In recent decades, the research using artificial intelligence has gained scientific attention. The Artificial Neural Network (ANN) is one of the most representatives of these achievements. Researches using ANNs were sequentially reported. Luk et al. [11] assumed that the spatial rainfall distribution at a specific moment is bounded with the records of the relevant rainfall gages in the lasted time interval. By using a backward propagation neural network (BP-ANN), they successfully built a model for forecasting the rainfall pattern in the next coming 15 minutes. The same concept was used to build another rainfall forecasting model by applying other kinds of neural networks such as feedforward neural network, partial recurrent network, and time delayed neural network [12]. Toth et al. [1] compared the accuracy of the short-term rainfall forecasts obtained with three time series analysis techniques, such as linear stochastic autoregressive moving average (ARMA) models, artificial neural networks (ANNs), and the nonparametric nearest-neighbors method. Chang et al. [13] compared and discussed three types of multistep-ahead (MSA) methods using previous rainfall and river stage for flood forecasting. Lin et al. [14] used a novel kind of neural network called support vector machines (SVMs) to construct typhoon rainfall forecasting models. They used these models with and without typhoon characteristics to forecast the rainfall. Because all the rainfall or flood forecasting models mentioned above regard the gaged rainfall records in the last period of time as the input data, these models might not work properly when data gaps occur. The model could not carry on further computations unless the lost data can be estimated correctly.

When a storm or frontal surface is approaching, the rainfall patterns in the windward area may be quite different from those in the leeward area, due to the topographical effects. As the storm or frontal surface moves during the typhoon period, the rainfall patterns may alter drastically at a specific gage location. This implies that the spatial and temporal distribution of the rainfall are influenced by some information of meteorology and topography. Because the topography does not change with time and also storms or frontal surfaces usually move along some certain paths, the trends of spatial-temporal rainfall distribution could be bounded within some specific patterns. Based on the consideration of these meteorological and climatological factors, it is assumed in this paper that there exist certain patterns in spatial and temporal rainfall distribution for a particular river basin. An unsupervised pattern recognition method, which has powerful ability of fault tolerance, is applied. The clustered construction can identify the coordinate data from the remainder data even if the input data are incomplete or have data gaps. The results from the recognized patterns are model outputs. These model outputs are used as the input for river runoff or elevation forecasting at the outlet of the basin. This paper brings up the pattern recognition and cluster analysis in statistics to classify the rainfall distribution in space and time from historical data of similar meteorological and climatological conditions. This study intends to build an all-purpose model with good accuracy and reliability for typhoon hourly rainfall forecast. The model holds good for its design function even with data gaps in rainfall data.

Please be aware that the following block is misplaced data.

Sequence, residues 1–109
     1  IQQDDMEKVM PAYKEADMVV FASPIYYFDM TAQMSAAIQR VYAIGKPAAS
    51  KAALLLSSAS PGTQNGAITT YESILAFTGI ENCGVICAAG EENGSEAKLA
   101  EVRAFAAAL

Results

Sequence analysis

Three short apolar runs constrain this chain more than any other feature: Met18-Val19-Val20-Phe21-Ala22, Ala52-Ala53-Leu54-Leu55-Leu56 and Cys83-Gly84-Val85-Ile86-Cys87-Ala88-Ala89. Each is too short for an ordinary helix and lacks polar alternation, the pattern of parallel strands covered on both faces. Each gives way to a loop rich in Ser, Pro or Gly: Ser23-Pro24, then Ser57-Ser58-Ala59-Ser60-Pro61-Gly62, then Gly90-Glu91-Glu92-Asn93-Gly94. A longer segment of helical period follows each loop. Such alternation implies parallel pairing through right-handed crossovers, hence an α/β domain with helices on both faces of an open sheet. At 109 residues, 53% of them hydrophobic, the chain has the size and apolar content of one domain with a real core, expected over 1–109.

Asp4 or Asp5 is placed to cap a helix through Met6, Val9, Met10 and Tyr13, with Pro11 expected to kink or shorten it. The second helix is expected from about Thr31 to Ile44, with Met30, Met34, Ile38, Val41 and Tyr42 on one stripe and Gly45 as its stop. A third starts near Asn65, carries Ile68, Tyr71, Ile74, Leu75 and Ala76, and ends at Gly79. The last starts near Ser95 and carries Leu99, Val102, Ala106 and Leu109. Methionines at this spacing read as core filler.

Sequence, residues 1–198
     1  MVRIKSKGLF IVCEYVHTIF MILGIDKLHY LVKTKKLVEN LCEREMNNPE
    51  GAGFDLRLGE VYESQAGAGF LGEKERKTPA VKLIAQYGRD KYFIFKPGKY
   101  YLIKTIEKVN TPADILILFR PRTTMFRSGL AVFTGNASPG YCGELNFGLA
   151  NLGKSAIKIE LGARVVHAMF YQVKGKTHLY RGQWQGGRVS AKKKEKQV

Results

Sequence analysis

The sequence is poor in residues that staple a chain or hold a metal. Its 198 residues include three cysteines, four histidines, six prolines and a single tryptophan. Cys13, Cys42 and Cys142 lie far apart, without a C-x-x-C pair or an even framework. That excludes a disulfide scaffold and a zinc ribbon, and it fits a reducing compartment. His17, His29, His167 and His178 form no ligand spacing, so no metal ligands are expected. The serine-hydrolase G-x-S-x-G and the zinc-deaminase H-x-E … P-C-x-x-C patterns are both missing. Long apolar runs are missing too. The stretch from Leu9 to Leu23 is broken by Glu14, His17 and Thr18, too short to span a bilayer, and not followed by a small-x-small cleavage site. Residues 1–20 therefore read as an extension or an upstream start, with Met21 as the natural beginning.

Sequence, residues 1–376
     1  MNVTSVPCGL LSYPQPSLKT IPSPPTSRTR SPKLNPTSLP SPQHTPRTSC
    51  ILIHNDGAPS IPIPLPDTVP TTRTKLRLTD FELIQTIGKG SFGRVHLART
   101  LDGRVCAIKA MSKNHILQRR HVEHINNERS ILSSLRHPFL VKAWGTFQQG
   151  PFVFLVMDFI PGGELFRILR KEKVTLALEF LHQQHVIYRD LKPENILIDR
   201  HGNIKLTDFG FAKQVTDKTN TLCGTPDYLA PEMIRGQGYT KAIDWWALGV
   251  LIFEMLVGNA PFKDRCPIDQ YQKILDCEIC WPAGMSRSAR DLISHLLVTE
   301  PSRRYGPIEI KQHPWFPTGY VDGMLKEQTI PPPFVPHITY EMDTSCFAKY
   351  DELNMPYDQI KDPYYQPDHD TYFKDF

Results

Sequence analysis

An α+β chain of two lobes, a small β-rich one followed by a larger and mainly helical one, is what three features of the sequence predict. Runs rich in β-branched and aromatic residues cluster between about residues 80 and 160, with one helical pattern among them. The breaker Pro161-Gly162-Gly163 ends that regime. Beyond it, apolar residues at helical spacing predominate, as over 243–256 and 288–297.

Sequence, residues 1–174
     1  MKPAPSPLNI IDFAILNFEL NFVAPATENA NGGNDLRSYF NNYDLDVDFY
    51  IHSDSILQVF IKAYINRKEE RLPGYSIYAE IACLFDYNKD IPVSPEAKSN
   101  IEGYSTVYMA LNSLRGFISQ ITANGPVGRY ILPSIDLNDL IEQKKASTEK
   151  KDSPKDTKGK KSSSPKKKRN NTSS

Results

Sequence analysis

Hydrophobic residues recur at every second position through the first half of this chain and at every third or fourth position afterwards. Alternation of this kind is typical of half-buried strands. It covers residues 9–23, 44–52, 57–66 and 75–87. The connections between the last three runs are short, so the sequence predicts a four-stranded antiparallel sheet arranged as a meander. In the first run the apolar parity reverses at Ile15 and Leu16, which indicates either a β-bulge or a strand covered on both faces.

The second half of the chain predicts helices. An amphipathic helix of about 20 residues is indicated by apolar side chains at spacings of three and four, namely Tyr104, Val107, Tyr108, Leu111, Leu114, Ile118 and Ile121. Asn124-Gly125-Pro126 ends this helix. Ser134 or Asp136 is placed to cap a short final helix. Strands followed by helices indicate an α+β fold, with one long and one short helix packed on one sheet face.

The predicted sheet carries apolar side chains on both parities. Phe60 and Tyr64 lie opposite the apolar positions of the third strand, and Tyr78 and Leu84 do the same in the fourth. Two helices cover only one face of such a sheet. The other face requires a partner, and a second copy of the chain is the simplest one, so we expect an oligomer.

2. Methodology

2.1. Cluster Analysis

Cluster analysis is the general logic, formulated as a procedure, by which we objectively group the entities together on the basis of their similarities and differences [15]. The objective of data clustering is to employ certain clustering algorithms to identify clusters consisting of similar data within a dataset. The original dataset is thus decomposed into disjoint clusters, with each cluster having a center to represent the cluster. We can use the cluster centers to represent the original dataset to achieve the following two goals, namely, data compression, and computation reduction. In general, clustering algorithms can be divided into two types: hierarchical clustering and nonhierarchical clustering (or called partition clustering). Two sorts of hierarchical clustering could be found. They are agglomerative and divisive ones. For agglomerative hierarchical clustering, the number of clusters is increased from one until the desired number of clusters is reached. On the other hand, for divisive hierarchical clustering, the number of clusters is decreased from the size of the dataset until the desired number of clusters is reached. For nonhierarchical clustering approaches, the number of clusters is fixed in advance. And then a number of iterations are performed to identify the best clusters with their cluster centers [16].